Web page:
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How to Humanize Your Content to Create Stronger Relationships
Content marketing is about building relationships, whether that is through updates on social media, offers on your website, blog posts, email campaigns, or even printed material. Now days a business needs to make a human connection.
Taking Another Step Toward a Secure Future
In 2008, the Council on Chiropractic Guidelines and Practice Parameters (CCGPP) released a literature review on chiropractic care for low back disorders.
The MRI: What to Do With the Results
As I wrote in my previous article on this topic, it is my goal for you, the doctor, to be an expert in interpreting MRI images yourself; and to be able to independently make decisions based upon a combination of clinical presentations and findings, followed by the MRI images.
Forgotten Options for Musculoskeletal Health
Challenges with musculoskeletal health are of tremendous concern for many people today.
Window of the Sky Points
The acupuncture points known as Window of the Sky are a modern creation. There is no reference in Chinese medical texts for an acupuncture point category called Window of the Sky.
East Meets West
Gung Hay Fat Choi. Welcome to the year of the Monkey. There will be fireworks for both January and February this year. What great celebrations.
The Roots of Insomnia
One of the most common clinical presentations is insomnia. Next to digestive disorders, sleep disorders are one of the most common complaints the clinician will encounter in daily practice.
Interprofessionalism: What it Means and Why You Should Care
Interprofessionalism in education and in practice is a growing trend across health care in the United States. The idea that team-based care and collaborative practice can improve health care has been around more than 50 years.
Ethics: The Glue That Holds Us Together
Kudos to the National Certification Commission for Acupuncture and Oriental Medicine (NCCAOM) for creating a code of ethics for the nationwide profession and for deciding to make courses in ethics a requirement for certification renewal.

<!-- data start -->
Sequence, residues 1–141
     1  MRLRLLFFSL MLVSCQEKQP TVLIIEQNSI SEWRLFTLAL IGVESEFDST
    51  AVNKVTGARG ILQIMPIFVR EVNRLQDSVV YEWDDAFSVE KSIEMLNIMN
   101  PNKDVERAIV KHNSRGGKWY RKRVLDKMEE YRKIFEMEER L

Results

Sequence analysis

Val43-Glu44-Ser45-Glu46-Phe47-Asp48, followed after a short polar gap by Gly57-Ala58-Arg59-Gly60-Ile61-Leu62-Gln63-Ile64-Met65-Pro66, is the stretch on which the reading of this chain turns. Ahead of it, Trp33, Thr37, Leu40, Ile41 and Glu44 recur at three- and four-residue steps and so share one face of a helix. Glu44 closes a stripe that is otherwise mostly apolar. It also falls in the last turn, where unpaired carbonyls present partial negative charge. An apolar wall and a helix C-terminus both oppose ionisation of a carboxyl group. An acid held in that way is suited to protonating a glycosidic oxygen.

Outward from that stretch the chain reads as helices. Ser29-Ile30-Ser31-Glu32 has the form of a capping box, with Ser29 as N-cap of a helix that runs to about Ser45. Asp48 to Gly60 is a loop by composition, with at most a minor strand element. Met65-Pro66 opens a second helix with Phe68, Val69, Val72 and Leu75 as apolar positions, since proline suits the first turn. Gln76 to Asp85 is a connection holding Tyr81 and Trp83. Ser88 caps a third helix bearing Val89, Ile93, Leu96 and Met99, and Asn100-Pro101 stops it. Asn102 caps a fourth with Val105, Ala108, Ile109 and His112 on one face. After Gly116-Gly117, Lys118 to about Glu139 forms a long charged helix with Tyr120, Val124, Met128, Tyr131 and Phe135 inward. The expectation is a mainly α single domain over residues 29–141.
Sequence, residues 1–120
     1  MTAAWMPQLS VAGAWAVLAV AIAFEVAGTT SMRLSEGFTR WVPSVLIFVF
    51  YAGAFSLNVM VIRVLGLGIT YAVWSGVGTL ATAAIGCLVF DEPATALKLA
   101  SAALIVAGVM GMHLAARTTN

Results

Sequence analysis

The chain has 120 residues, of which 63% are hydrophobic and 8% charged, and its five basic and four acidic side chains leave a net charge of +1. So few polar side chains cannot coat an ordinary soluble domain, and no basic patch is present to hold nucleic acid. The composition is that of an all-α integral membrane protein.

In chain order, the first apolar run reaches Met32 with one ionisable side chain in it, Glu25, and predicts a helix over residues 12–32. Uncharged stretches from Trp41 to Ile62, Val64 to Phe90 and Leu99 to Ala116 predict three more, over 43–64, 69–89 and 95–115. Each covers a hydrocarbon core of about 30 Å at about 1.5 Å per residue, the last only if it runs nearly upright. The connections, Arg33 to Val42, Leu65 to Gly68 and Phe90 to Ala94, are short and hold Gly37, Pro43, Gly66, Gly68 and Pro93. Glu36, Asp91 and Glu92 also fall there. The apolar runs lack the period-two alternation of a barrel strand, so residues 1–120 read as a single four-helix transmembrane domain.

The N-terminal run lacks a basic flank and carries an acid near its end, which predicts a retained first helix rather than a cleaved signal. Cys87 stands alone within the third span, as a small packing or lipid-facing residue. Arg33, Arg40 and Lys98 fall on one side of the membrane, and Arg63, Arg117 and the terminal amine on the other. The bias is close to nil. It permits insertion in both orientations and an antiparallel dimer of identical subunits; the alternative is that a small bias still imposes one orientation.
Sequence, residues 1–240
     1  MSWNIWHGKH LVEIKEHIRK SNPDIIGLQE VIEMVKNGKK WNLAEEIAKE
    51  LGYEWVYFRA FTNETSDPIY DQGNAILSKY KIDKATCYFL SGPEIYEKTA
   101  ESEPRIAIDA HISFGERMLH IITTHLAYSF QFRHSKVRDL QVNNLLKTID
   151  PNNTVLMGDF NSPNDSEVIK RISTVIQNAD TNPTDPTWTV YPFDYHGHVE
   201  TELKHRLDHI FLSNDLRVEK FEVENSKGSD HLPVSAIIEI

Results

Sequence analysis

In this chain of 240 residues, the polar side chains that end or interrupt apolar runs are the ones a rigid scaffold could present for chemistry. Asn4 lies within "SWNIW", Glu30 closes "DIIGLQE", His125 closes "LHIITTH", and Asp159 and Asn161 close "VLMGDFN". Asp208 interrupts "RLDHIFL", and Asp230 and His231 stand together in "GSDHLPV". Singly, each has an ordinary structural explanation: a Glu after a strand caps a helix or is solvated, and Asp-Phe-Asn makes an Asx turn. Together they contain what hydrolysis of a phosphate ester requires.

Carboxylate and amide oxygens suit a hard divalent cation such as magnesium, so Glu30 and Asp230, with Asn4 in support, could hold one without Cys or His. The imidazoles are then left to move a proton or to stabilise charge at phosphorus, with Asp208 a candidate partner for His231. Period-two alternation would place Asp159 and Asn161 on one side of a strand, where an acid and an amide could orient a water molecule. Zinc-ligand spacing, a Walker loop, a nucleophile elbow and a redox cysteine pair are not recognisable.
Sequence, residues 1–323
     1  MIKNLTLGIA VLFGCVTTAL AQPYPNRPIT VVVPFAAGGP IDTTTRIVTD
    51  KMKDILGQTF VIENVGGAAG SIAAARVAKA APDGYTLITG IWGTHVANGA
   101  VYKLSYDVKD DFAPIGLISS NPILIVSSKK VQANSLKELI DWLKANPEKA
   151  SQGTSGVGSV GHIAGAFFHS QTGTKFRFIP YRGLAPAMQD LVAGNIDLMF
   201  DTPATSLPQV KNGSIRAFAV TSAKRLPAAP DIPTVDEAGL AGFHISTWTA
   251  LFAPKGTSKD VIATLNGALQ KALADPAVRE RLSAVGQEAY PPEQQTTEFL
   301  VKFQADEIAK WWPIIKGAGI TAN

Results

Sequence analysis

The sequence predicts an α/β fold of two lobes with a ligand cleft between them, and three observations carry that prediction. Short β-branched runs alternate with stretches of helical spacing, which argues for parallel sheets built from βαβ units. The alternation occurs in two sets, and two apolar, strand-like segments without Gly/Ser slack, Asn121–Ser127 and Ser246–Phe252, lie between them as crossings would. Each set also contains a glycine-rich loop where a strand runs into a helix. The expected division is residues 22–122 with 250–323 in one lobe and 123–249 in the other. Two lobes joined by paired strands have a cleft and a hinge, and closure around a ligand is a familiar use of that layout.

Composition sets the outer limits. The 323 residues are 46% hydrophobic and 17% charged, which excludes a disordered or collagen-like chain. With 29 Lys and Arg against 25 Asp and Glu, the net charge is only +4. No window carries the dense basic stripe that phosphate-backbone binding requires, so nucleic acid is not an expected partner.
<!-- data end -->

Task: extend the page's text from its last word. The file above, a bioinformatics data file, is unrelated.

Asking the Insurance Rep the Right Questions
One of the first or last questions a potential patient often asks is: "Do you take insurance?" An ill-informed or optimistic, "yes" can result in delayed or non-payment. Instead, just say: "Let me check if you are eligible first."
Do Doctors Lie to Patients? (Do You Lie to Yours?)
In a previous column ["When Patients Lie (Bribe or Flatter)," Oct. 1, 2015], I discussed the issue of patients lying to doctors, and the many reasons why this can occur.
Enhancing Performance in Cross-Fit Athletes
Cross-fitness centers are expanding in number and increasing in popularity. To remain relevant to this growing portion of society, practitioners need to learn about the exercises and injuries common to this group.
RAND Study Recruiting DCs
Dr. Ian Coulter, RAND / Samueli chair for integrative medicine and senior health policy researcher for the RAND Corporation, has issued a call for participation, recruiting doctors of chiropractic for a practice-based research study that will examine "the impact of evidence, outcomes, costs and patient preferences on the choice of treatment for chronic low back pain and neck pain."
The Clinical Versatility of Milk Thistle (Part 2)
Evidence is growing that the silymarin complex of flavonolignans from milk thistle can impact serum ferritin and iron overload in various clinical circumstances.
Billing and Coding for Moxibustion
Q: I am trying to locate a code for cupping and moxibustion, and have had various fellow acupuncturists indicate that they bill using the existing codes for heat, 97010 hot packs or 97026 infra-red for moxa and 97016 vasopneumatic device for cupping.
Integrative Medicine Can Shape the Profession